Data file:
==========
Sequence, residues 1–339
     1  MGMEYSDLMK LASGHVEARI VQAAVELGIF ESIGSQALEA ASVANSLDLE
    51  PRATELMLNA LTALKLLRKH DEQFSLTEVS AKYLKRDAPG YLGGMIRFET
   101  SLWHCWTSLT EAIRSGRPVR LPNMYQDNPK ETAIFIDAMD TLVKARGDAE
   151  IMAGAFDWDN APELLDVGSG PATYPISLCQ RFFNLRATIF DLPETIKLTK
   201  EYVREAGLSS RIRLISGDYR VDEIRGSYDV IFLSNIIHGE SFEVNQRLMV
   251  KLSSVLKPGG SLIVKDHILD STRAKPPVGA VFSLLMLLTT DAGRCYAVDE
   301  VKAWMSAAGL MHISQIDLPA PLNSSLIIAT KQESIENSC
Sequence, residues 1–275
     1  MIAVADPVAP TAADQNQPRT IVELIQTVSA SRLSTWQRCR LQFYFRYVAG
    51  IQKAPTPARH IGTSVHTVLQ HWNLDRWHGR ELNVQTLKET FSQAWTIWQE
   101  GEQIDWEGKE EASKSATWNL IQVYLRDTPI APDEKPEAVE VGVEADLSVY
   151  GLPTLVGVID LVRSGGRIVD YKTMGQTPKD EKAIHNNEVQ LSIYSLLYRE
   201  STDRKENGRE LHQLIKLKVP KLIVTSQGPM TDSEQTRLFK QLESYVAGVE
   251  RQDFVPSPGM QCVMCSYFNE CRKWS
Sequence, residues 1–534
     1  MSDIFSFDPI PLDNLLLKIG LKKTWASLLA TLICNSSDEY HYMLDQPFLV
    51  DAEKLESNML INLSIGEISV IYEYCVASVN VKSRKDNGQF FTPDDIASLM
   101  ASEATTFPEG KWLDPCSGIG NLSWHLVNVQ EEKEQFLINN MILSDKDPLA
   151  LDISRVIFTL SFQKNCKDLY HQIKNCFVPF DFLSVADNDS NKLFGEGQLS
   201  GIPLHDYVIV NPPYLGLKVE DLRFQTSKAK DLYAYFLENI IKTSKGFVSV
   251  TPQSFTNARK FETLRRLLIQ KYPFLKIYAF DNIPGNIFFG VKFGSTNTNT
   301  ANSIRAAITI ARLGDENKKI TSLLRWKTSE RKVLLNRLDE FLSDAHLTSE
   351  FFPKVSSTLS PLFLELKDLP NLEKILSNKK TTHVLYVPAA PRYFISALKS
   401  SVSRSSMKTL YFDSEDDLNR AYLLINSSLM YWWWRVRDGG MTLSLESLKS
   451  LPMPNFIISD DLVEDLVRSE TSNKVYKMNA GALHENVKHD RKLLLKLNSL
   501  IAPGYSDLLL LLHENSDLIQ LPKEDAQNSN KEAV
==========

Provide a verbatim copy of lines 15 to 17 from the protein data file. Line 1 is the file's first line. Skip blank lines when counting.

   251  RQDFVPSPGM QCVMCSYFNE CRKWS
Sequence, residues 1–534
     1  MSDIFSFDPI PLDNLLLKIG LKKTWASLLA TLICNSSDEY HYMLDQPFLV